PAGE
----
The woman paid close attention and I sensed the Holy Spirit drawing her as my words were simple and direct. I spoke of a hope that was beyond all hope. I shared Jesus.
Goliath’s mom prayed with me that day. As I opened my eyes I could see something happened; her grin was from ear to ear. The next day, Golaith’s mom was at the clinic asking to help. She became a true follower of Jesus that day.
Key #3: Power from the Throne of God.
The third key to ministry among the poor is “Power from the Throne of God.” The Poor are powerless in many respects. The Poor are most often born into poverty, like a lottery of life. Most of us, certainly most Westerners, would likely not survive in such conditions.
The Poor are denied access; they are held in powerlessness primarily because of broken relationships. All their relationships are working against them. It’s as if they were caught in a spider’s web, a diabolical trap from which there is no escape.
The Bible says there are “principalities and powers,” or rulers of darkness, which keep people in bondage to sin and misery. The evil spirits lock the Poor out of healthy relationships, especially from “seeing” Jesus Christ.
“In their case the god of this world has blinded the minds of the unbelievers, to keep them from seeing the light of the gospel of the glory of Christ, who is the likeness of God.” 2 Cor. 4:4
The enemy keeps the Poor in the cycle of poverty, a cycle of broken relationships. Relationship is the key dynamic of the throne of God.
What do the Poor need?
They need to be connected in relationship with God and others. They need a right relationship with their family, their community, and the resources of this world.
What is the problem with sin? It separates.
Sin separates us; relationships of all kinds suffer due to sin. The poor are no different from anyone; they need to be connected to others. The connection with others should not be primarily for the sake of provision; providing food, shelter and medicines has often been used as a means of control.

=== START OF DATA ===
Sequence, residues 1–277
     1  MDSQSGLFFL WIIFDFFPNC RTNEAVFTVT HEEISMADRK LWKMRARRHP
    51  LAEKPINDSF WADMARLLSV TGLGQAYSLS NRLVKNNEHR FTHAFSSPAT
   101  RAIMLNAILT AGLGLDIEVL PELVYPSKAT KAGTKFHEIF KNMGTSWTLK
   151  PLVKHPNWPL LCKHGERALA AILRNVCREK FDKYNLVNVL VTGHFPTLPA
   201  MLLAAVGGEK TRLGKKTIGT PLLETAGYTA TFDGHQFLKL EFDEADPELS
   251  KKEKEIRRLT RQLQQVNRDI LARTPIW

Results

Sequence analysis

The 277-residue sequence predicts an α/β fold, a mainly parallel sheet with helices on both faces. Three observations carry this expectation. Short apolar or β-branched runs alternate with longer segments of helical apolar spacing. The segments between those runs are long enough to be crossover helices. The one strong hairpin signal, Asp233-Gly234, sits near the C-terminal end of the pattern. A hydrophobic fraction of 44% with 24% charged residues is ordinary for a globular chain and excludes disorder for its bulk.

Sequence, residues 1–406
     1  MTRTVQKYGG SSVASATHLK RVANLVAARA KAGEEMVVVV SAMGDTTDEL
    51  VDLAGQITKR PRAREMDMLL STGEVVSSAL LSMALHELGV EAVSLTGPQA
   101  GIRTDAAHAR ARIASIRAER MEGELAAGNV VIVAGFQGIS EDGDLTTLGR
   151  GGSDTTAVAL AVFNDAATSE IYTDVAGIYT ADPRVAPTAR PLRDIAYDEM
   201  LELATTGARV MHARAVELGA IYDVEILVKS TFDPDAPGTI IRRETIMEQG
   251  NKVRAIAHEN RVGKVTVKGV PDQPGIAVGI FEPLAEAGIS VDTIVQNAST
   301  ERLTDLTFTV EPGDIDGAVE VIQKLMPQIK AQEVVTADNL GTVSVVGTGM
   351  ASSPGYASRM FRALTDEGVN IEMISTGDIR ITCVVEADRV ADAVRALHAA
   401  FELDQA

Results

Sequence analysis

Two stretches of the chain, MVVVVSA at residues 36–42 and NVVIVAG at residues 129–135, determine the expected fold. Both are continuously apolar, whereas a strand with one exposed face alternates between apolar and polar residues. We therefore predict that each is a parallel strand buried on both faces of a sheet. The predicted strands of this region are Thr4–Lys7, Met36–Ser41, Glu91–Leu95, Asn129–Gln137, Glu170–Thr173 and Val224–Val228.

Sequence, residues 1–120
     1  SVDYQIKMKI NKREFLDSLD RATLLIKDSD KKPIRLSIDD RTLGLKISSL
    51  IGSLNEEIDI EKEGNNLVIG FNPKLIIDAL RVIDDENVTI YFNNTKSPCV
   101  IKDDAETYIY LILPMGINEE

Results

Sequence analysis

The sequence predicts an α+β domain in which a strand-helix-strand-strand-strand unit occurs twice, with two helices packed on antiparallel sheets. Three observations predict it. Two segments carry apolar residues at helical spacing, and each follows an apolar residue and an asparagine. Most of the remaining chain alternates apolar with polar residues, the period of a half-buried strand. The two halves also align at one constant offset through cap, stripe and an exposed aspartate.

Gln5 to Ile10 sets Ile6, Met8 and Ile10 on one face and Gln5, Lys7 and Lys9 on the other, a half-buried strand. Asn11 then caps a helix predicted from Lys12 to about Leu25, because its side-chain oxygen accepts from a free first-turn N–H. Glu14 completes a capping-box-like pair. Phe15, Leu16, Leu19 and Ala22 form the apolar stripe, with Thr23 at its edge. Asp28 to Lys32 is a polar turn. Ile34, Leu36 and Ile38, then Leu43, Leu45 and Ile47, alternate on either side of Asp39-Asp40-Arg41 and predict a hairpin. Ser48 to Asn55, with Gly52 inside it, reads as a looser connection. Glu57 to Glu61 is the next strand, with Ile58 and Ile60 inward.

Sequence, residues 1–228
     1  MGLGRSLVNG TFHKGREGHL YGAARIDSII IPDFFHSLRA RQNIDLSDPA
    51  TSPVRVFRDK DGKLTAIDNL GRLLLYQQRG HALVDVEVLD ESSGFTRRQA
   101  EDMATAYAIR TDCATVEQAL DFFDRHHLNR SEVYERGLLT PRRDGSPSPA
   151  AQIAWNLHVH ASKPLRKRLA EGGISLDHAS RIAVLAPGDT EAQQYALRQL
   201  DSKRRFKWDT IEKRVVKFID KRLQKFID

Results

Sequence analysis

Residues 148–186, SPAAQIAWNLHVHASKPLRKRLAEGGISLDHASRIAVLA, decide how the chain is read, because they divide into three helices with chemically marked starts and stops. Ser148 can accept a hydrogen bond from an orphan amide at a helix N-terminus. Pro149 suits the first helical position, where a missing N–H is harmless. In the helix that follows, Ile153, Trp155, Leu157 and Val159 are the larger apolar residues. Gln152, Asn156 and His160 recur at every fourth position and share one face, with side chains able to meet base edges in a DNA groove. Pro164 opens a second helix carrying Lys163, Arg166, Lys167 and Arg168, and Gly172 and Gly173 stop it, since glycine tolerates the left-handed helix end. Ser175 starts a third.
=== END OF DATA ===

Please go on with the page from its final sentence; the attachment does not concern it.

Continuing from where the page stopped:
The poor need to be connected with the broader community where they have been restricted from access.
Kingdom-based Responses reflect Power from the Throne of God
A kingdom-based response to poverty will reverse the “process of dis-empowerment.”
A kingdom-based response will confront spiritual powers and principalities, including “god-complexes” that pins one group of people over another.
A kingdom-based response will heal bodies and relationships; it teaches and models a more complete worldview based on Christ’s character and authority to set them free.
A kingdom-based response will challenge the principalities and powers of darkness (including institutions that are instruments of those powers).
A kingdom-based response will establish “truth and righteousness”, and proclaim that “all power belongs to God.”
A kingdom-based response will restore a person’s relationship with himself/herself. As I wrote in the previous post, poverty, ultimately, is the poverty of “being” and of “purpose.” Conversely, abundant life is the abundance of “being” and “purpose”. It is from the vantage point of the throne of God that an individual and a people may find their God-given identity and vocation conferring the essential being and purpose.